Using Hormones to Help Breeding
Every species has its own unique reproductive cycle, dependent on biology and environment. Some animals are seasonal breeders; others can mate year round. Some species require specific foods, light cycles or behavioral prompts to mate, and estrous time, gestational period and duration between births can all vary.
Zoos are very careful to make the right matches to ensure the long-term health of the populations in their care. But how to know if animals are fertile, mature, receptive or ready for breeding?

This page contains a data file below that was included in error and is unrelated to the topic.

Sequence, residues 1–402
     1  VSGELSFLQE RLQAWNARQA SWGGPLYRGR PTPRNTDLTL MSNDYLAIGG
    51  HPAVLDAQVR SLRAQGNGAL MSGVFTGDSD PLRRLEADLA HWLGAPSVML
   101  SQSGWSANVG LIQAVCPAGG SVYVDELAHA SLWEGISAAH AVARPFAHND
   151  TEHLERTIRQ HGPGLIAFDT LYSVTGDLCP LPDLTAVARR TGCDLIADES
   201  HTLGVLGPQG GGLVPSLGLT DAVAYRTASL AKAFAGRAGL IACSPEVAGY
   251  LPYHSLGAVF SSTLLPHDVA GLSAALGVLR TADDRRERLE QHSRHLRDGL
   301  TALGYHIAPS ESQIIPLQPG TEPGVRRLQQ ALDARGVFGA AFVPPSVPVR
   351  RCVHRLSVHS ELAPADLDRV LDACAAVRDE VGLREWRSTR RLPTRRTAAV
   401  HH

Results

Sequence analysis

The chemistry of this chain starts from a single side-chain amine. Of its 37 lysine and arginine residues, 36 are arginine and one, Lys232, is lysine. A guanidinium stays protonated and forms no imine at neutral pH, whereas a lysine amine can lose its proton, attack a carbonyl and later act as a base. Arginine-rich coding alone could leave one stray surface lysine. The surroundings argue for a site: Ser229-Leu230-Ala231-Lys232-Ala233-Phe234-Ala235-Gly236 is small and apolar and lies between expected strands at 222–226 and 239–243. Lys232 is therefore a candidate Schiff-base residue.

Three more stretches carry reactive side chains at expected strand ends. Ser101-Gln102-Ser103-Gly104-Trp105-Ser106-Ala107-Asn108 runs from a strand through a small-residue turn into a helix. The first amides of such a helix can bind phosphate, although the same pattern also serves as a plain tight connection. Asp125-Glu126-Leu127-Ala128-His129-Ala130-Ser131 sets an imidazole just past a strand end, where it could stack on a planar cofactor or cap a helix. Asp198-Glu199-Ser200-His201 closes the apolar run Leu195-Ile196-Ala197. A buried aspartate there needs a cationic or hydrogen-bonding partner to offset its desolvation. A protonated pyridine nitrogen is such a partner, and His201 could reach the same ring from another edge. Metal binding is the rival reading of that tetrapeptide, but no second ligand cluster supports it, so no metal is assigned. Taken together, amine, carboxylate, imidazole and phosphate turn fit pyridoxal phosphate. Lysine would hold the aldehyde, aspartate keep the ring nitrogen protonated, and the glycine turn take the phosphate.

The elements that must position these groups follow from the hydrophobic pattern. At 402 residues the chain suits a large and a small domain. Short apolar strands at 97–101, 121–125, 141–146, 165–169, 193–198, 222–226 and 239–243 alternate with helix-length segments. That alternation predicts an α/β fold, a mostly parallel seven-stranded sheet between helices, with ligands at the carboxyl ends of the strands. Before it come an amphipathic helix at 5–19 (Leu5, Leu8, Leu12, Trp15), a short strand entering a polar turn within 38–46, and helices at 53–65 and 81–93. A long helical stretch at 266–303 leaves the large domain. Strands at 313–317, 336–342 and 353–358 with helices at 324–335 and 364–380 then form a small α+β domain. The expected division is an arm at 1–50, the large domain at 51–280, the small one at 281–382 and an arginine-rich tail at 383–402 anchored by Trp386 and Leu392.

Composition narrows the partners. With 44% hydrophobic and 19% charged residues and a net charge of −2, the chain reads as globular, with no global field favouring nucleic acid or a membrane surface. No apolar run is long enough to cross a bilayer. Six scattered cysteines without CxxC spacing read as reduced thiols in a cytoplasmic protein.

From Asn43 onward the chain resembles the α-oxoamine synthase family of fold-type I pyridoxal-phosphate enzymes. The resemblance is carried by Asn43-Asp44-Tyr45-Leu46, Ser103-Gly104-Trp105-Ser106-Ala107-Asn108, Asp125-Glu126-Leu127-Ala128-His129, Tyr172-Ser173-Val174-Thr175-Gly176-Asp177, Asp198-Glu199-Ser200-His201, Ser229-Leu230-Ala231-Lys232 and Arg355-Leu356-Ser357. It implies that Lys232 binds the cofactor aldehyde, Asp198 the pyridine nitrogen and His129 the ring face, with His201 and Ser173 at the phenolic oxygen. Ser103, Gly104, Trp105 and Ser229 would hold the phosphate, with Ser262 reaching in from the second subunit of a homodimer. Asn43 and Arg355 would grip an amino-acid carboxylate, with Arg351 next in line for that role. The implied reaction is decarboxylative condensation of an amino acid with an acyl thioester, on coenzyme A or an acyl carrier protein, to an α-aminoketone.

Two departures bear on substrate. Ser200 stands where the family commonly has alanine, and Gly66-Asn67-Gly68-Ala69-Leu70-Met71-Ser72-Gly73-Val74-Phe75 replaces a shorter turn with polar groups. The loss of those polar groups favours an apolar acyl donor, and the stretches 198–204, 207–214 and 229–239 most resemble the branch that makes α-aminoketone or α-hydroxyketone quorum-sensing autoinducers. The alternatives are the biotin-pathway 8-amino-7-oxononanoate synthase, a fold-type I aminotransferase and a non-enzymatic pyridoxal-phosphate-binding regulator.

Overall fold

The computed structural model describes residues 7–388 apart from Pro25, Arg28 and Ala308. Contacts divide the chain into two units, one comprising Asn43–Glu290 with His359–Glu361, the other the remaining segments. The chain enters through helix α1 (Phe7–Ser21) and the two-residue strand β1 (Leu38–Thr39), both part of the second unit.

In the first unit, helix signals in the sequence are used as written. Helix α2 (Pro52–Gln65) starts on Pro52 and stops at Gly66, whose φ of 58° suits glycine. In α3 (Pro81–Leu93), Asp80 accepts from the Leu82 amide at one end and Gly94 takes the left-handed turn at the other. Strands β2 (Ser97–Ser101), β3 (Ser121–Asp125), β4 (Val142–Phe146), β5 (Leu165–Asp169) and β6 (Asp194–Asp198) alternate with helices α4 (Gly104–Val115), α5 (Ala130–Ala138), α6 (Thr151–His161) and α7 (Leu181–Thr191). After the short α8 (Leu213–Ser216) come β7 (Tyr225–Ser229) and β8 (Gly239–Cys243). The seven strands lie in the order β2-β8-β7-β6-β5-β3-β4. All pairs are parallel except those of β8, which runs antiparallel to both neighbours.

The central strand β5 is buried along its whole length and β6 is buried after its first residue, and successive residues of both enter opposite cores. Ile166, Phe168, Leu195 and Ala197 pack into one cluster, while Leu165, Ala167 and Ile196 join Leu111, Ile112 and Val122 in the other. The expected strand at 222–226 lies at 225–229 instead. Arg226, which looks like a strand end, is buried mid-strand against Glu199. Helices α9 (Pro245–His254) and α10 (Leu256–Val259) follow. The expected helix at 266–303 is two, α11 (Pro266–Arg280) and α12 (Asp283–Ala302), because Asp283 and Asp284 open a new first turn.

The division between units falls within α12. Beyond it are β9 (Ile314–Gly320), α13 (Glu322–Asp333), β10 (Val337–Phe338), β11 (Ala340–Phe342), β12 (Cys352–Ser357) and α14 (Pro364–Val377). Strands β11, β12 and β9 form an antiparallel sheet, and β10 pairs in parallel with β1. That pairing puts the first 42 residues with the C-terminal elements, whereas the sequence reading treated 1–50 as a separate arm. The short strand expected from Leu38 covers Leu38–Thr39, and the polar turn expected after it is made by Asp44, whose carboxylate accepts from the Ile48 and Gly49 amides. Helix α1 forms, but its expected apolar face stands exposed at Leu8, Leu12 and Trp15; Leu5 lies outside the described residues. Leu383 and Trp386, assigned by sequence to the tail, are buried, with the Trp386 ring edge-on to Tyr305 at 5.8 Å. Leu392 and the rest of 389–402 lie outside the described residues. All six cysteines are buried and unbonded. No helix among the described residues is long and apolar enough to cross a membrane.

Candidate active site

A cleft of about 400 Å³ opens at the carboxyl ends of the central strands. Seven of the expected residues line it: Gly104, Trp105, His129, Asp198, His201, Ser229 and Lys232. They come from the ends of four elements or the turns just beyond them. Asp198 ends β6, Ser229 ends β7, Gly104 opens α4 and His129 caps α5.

Hormones can help. By measuring testosterone, estrogen and progesterone over time—the same hormones that guide reproduction in humans—endocrinologists can gain insight into animal reproductive cycles. This can provide valuable insight for ensuring baseline health and choosing the right time to introduce potential partners.
Most reproductive hormone measurements, at the zoo and in the wild, come from non-invasive fecal samples. Reproductive research projects can harness an abundant resource without bothering the animals, gathering valuable information to improve conservation and care.